Park Service Seeks Ideas for a Mall Makeover
Wednesday, November 1, 2006
The Mall needs a facelift, and the National Park Service wants Americans to recommend a new look for the historic space, worn and tattered by 25 million visitors every year.
A nationwide effort, officially launched today, will begin with a symposium this month and an interactive Web site that will ask people across the country who have opinions on the Mall's 600 acres to register them online. The suggestions will be culled into a report and action plan next year.
The initiative is the first time in 100 years that the planning and future of the national space will be revisited.
Officials acknowledge that the nation's front yard does not present a welcoming face.
Tourists often complain about the lack of restrooms, restaurants, visitor information and parking, as well as bald spots on the lawn, rusty benches and cracked pavement.
"We'll be the first to admit, the appearance does not match its significance," said Vikki Keys, superintendent of the National Mall and Memorial Parks for the National Park Service.
In addition to attracting millions of tourists and demonstrators, the Mall is also the preferred address for dozens of monuments, memorials and museums. Federal officials have tried to encourage pocket parks and intersections throughout the city as future sites for dozens of projects waiting in the wings, but the quandary is that everyone wants to be on the Mall.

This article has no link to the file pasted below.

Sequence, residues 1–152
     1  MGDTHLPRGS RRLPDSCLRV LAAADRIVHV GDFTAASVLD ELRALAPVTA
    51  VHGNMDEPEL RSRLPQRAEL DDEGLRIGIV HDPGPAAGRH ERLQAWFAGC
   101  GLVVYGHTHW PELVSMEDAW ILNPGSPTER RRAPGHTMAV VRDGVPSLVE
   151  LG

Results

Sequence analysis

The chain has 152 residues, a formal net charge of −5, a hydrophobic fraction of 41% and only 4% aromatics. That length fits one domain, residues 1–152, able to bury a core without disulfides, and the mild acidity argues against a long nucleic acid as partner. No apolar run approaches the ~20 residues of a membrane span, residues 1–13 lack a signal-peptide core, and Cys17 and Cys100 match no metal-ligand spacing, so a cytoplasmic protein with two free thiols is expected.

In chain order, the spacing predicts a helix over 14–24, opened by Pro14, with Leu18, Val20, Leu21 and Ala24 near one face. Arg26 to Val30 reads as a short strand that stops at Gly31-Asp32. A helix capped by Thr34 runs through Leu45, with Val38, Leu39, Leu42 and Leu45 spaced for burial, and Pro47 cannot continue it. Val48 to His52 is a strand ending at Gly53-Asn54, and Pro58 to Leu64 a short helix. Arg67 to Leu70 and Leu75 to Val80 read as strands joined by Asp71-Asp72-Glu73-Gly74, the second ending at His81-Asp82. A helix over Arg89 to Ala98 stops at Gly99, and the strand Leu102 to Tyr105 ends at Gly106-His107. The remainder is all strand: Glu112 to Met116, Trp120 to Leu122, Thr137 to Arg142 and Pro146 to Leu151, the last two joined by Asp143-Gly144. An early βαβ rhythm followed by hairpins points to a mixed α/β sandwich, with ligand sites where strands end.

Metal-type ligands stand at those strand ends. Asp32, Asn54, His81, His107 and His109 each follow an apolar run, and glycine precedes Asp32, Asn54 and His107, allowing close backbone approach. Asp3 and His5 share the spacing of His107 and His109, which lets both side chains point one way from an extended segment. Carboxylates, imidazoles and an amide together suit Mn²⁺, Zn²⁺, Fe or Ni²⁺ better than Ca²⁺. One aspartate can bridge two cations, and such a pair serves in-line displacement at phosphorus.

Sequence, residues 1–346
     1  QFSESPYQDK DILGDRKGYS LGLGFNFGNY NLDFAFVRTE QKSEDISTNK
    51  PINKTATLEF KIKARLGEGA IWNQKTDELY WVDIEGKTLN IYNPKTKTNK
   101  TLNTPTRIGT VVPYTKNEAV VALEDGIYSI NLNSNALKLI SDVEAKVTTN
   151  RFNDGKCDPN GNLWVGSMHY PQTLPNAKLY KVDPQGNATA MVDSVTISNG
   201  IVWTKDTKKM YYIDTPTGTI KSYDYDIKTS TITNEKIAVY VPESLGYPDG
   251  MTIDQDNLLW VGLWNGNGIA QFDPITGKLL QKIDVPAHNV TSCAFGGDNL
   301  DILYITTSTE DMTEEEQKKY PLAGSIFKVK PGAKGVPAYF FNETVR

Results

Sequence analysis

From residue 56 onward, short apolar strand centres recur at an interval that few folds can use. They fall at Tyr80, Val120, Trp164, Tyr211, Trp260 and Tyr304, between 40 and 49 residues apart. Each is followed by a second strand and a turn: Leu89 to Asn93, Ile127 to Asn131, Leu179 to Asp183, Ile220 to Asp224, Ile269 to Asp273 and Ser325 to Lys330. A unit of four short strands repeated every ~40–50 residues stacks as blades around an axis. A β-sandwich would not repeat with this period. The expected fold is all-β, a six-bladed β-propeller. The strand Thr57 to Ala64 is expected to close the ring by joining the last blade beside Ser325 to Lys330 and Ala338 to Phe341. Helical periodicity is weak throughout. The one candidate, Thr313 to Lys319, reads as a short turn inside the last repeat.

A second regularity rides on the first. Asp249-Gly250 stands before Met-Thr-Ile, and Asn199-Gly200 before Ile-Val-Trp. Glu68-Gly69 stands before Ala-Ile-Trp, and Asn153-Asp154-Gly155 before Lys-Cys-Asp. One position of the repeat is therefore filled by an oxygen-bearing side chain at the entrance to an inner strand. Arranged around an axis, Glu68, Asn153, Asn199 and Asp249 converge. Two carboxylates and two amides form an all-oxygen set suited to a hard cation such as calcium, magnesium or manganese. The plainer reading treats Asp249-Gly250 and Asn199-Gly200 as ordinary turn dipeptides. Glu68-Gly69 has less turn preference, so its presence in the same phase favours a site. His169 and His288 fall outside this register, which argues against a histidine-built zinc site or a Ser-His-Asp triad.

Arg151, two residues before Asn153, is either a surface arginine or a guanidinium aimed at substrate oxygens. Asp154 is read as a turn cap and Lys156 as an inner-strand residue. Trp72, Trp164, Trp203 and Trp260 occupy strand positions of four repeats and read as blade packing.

Architects, planners, historians and tourists will be among those asked to suggest a future look and feel for the Mall: Should it be about formal gardens and fountains, or baseball games, gift shops and hot dog stands?
The Mall serves many purposes: It is the equivalent of Paris's fabled gardens of the Tuileries, the political gathering space of Beijing's Tiananmen Square, the open space of London's Hyde Park, the sports haven of New York's Central Park and the museum row of any international city.
Trying to meet all these demands in one space can create a park that is frayed, unable to handle the crowds and not true to its iconic nature.
The Park Service hopes to learn from the public and from the way other cities handle the challenges. At least one city limits public demonstrations to areas with a hard surface, to avoid the stampede that kills the Mall's green space, said Susan Spain, a planner hired by the Park Service to shepherd the Mall planning effort.
The last time the nation formally rethought the concept was in 1901, when the Mall was a stretch of land between the Capitol and the Washington Monument.